Which Type Is Better, Micro-Interleaving or Macro-Interleaving?

I believe macro-interleaving is equally, if not more, beneficial than micro-interleaving. Macro-interleaved practice means that there is more spacing between content from the same subject. The lag effect tells us there is an advantage of spacing with longer lags over shorter lags.

In Anki, you are reviewing in a massed practice fashion: Finish the Maths deck, then Spanish deck, then Physiology deck. Although the content of your Maths deck is interleaved, e.g., mixing triangles, circles, quadrilaterals, you are still doing Maths. Everything is still about Maths. You are staying in the Maths-ville. A village is analogous to a prepackaged schema in working memory.

Meaning of prepackaged schema? From The causes and consequences of reminding.

When you face a situation that you’ve faced many times before, you’ll access a schema that already contains the relevant prior knowledge, inferences, and slots for understanding that particular situation.

You may think of the prepackaged schema as that cluster of neurons to solve all the Math questions in that deck. When you’re doing Maths in a Math deck in Anki, you don’t have to RE-ACCESS and RELOAD that prepackaged schema because it’s already in your working memory.

Micro-interleaving (Massed practice of all triangles –> all circles –> all quadrilaterals) is staying in the Maths-ville.

Macro-interleaving (Interleaving all subjects) is walking back and forth between Maths-ville, Physiology-ville and Spanish-ville.

Are your exercising your ability to retrieve the answers in micro-interleaving? Yes, but not as much as you would with macro-interleaving.

For Mathematics, it is harder to blindly regurgitate the answers when all the solids are mixed; it’s even harder when all the solids are interleaved among other subjects. Without a clear (or at least enough) understanding between the relationships of different solids, the distinctive features of different solids, there is no way you can retrieve the correct solutions for different solids. “I’ve just seen a question similar to this. Maybe that solution should be applicable?” is not quite possible when the similar questions are spaced so far apart across subjects.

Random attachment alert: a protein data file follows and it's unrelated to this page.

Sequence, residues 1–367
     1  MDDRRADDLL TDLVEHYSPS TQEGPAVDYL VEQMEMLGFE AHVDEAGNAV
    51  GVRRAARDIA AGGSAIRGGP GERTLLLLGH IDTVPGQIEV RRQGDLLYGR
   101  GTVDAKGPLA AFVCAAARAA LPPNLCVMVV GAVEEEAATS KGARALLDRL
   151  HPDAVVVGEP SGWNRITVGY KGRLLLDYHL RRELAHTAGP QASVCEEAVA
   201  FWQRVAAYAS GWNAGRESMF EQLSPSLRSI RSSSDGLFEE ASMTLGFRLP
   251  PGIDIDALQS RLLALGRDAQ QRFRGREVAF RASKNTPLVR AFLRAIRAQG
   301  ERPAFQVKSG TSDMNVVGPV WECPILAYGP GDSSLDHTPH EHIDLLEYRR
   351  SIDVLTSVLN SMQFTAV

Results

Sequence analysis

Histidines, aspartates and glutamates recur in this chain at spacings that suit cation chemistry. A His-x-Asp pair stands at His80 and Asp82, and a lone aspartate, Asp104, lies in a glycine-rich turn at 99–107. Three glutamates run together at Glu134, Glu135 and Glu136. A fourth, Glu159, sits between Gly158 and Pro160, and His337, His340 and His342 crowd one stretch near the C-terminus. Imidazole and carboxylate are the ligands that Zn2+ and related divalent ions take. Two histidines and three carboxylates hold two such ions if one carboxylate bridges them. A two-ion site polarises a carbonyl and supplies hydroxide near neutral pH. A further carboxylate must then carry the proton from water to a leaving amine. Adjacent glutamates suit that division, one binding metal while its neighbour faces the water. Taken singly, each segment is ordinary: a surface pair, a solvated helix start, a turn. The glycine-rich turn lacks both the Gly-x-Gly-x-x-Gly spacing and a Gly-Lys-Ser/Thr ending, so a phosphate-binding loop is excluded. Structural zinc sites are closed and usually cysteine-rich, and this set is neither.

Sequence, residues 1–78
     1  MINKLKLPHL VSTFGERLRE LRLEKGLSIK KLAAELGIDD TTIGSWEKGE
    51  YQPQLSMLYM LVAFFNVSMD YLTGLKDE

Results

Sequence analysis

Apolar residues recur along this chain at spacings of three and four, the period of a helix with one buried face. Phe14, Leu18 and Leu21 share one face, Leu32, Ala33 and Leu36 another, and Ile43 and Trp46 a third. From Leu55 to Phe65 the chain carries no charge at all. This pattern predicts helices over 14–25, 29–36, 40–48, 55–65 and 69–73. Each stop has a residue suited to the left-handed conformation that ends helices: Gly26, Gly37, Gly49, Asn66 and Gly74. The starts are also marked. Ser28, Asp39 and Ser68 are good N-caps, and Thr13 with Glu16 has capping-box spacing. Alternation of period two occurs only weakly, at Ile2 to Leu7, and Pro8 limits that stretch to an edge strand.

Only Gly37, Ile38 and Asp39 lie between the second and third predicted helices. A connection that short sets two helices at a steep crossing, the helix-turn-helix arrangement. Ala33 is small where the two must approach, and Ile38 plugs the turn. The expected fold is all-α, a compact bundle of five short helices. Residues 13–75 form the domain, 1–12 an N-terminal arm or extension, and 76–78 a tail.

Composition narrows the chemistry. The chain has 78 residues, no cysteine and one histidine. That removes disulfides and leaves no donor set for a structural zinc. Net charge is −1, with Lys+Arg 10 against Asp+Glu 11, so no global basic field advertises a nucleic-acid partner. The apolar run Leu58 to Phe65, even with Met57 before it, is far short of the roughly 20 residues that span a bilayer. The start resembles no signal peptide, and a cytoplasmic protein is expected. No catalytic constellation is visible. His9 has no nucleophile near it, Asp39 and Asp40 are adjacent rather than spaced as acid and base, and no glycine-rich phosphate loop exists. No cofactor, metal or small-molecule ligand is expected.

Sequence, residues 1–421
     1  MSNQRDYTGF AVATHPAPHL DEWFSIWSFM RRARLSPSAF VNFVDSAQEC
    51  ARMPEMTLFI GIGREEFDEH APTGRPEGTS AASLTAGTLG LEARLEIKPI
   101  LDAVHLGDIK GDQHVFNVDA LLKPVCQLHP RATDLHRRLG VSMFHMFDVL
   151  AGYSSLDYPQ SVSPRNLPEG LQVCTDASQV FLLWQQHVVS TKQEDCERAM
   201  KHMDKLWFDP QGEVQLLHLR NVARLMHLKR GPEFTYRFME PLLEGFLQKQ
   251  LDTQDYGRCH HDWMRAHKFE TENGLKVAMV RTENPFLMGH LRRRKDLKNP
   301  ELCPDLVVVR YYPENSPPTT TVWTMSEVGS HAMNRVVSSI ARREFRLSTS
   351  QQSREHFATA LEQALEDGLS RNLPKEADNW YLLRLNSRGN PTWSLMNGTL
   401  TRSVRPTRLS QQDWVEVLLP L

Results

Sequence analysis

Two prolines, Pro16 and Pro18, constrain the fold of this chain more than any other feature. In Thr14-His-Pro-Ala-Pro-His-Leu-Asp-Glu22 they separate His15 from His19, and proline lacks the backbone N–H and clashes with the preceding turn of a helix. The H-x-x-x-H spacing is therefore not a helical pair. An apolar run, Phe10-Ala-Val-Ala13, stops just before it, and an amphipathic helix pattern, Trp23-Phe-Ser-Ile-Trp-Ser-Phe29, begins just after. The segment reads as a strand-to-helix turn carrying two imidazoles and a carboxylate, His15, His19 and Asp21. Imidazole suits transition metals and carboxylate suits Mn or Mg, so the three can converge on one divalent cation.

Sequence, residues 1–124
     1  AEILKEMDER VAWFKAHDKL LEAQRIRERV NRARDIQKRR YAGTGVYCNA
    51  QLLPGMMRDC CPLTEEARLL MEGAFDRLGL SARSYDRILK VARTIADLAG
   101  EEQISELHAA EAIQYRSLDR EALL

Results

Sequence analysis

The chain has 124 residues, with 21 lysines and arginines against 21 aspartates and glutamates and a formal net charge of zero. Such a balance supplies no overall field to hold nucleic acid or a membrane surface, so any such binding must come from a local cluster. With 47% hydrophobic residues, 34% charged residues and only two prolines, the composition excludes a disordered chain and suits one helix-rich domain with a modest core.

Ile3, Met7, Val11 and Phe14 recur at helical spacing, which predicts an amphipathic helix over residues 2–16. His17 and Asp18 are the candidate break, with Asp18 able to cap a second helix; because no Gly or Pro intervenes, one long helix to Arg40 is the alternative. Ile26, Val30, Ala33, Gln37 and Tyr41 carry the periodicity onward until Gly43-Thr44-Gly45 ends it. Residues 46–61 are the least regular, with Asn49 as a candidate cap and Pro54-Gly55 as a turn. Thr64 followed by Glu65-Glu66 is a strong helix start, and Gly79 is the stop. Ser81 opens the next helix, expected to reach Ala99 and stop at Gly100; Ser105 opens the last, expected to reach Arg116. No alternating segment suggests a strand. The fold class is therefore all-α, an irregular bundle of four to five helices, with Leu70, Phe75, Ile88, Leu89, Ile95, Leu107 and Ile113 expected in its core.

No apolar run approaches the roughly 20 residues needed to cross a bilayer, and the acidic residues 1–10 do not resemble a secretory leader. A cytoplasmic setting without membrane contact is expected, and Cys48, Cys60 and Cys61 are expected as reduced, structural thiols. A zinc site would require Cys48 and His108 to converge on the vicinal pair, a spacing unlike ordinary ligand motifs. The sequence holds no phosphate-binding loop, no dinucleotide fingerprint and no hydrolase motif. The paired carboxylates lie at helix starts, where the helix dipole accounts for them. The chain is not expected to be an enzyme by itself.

On the other hand, in SuperMemo, since it interleaves everything (Maths, Spanish, Physiology), you stay in the Maths-ville for a question, then jump to Spanish-ville for a vocabulary item, then Physiology-ville for an anatomy question.

The “jumping back and forth between different subjects” is paramount. You want to RE-ACCESS and RELOAD a particular piece of information as much as possible. Doing so is a form of desirable difficulty. Desirable difficulty is all about finding encoding or retrieval activities that will make studied materials accessible after a delay. The act of “finding the correct route from Spanish-ville to Maths-ville” is significant. You have to reload all relevant materials from long-term memory to working memory. If you stay in Maths-ville, all those relevant materials are easy to find, if not readily available, in the working memory.